Shred files and wipe disks | BleachBit (I've used BleachBit for several years in both Windows and Linux)
QUOTE: Normally when software deletes a file, only the "metadata" is erased: that means the complete contents can often easily be recovered, so BleachBit (and similar applications) offer secure erase features (also called secure wipe or file shredding) to permanently remove data. Some applications even advertise "advanced" erasure methods referencing important names in security such as Gutmann, the United States Department of Defense, and the NSA, but these references often mislead people to waste time on snake oil technological remedies while ignoring important basics. Any product or method suggesting a convenient, comprehensive solution to security is deceptive: convenience and security oppose each other. This guide will explain how 1 pass is enough, but 35 passes are not enough. Regardless of the tools you use, please read this guide carefully and completely.
Myths and legends
Most of the confusion regarding the topic of data remanence (data left behind after it is deleted) is because of myths and urban legends. Before discussing what is true, let's preview what is not:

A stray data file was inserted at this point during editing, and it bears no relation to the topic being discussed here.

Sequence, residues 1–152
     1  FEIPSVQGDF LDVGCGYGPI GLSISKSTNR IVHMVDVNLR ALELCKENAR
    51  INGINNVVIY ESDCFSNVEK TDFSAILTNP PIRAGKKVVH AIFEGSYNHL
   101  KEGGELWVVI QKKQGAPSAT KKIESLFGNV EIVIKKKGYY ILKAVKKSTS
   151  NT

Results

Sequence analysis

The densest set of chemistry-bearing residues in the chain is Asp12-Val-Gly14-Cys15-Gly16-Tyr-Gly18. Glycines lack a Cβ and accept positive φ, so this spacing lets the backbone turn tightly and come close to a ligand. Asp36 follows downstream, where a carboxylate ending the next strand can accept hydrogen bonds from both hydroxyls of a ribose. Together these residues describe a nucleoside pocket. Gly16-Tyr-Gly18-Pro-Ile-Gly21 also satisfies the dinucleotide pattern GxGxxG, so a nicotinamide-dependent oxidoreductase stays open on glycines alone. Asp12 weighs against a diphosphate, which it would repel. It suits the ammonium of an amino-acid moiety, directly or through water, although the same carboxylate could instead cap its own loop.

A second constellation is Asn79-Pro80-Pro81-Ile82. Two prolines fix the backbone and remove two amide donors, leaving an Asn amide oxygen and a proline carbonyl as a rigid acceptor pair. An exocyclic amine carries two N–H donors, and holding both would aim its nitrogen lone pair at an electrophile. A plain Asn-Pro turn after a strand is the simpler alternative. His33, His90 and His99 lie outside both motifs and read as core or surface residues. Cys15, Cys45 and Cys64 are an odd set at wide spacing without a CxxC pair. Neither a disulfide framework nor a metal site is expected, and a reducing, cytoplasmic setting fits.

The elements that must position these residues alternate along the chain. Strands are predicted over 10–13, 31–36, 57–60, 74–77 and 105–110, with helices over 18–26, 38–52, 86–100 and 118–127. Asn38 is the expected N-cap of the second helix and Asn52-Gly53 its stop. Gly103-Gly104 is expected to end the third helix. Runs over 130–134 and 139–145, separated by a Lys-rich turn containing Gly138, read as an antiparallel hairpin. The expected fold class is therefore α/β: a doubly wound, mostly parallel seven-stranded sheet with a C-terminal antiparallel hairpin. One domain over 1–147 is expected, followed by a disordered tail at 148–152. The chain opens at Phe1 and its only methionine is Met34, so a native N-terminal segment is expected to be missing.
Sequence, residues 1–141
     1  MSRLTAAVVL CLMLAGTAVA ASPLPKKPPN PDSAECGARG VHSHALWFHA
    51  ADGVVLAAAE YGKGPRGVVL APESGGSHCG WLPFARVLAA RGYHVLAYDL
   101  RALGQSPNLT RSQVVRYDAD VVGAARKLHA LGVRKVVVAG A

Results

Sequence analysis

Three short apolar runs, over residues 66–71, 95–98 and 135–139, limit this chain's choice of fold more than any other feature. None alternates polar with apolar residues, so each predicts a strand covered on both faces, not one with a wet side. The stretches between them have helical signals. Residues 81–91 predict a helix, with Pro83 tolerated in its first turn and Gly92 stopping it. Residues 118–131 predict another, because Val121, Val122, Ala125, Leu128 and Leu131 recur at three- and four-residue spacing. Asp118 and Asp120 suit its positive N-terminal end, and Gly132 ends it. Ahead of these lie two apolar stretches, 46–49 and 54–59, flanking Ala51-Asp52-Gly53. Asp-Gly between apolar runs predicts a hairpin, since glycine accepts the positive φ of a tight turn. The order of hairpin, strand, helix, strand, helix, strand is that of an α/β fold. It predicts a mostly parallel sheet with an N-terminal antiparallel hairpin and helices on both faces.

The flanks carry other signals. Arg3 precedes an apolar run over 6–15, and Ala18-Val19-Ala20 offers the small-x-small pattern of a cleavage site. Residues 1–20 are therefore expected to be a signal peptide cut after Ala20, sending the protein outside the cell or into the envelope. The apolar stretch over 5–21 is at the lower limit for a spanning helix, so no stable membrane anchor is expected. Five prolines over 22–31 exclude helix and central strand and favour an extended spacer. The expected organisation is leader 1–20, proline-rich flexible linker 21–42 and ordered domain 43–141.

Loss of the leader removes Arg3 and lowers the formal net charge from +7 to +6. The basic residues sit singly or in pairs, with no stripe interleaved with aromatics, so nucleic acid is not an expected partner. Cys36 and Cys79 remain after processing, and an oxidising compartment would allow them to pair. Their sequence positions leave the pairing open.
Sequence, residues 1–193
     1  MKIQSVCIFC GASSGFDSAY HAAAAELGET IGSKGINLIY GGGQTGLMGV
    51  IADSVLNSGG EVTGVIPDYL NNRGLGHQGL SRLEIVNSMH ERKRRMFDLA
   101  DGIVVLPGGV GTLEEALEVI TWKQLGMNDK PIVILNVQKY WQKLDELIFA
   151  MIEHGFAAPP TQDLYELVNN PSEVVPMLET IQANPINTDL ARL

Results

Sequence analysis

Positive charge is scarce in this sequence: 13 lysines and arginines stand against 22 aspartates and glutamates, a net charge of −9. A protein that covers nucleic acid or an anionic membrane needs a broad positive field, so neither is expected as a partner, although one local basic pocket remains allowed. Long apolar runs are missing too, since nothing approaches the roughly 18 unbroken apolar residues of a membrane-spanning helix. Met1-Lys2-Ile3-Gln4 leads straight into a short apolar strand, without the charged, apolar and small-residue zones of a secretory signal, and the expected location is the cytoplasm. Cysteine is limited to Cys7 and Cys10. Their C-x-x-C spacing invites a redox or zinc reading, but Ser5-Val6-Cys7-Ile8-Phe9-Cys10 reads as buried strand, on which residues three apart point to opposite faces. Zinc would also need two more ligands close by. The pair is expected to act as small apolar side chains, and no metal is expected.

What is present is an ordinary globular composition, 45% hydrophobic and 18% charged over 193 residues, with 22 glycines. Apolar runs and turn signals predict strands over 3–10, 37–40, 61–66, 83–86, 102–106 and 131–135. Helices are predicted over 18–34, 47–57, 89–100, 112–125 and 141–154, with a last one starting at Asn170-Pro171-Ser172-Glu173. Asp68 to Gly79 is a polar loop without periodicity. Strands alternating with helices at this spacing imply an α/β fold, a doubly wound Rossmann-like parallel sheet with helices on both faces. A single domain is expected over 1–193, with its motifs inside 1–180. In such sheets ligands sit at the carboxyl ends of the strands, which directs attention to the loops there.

- False: Data on a hard drive overwritten by one pass can be recovered by powerful government agencies
- False: Overwritting data with multiple passes makes it harder to recover than overwritting it with a single pass.
- False: Peter Gutmann thinks data should be overwritten with 35 passes to prevent recovery.
- False: Peter Gutmann's paper applies to modern hard drives ("modern" meaning manufactured after the year 2000 or so).
- False: There are methods approved by the DOD (5220.22-M), NSA, and Gutmann to shred files.
- False: The United States Department of Defense approves of overwriting (of a whole hard drive) as a data sanitation method.
Anyone that doubts one pass is enough, click on the link above for much more info.
Edited by buddy215, 20 March 2015 - 11:09 AM.
“Every atom in your body came from a star that exploded and the atoms in your left hand probably came from a different star than your right hand. It really is the most poetic thing I know about physics...you are all stardust.”― Lawrence M. Krauss
A 1792 U.S. penny, designed in part by Thomas Jefferson and George Washington, reads “Liberty Parent of Science & Industry.”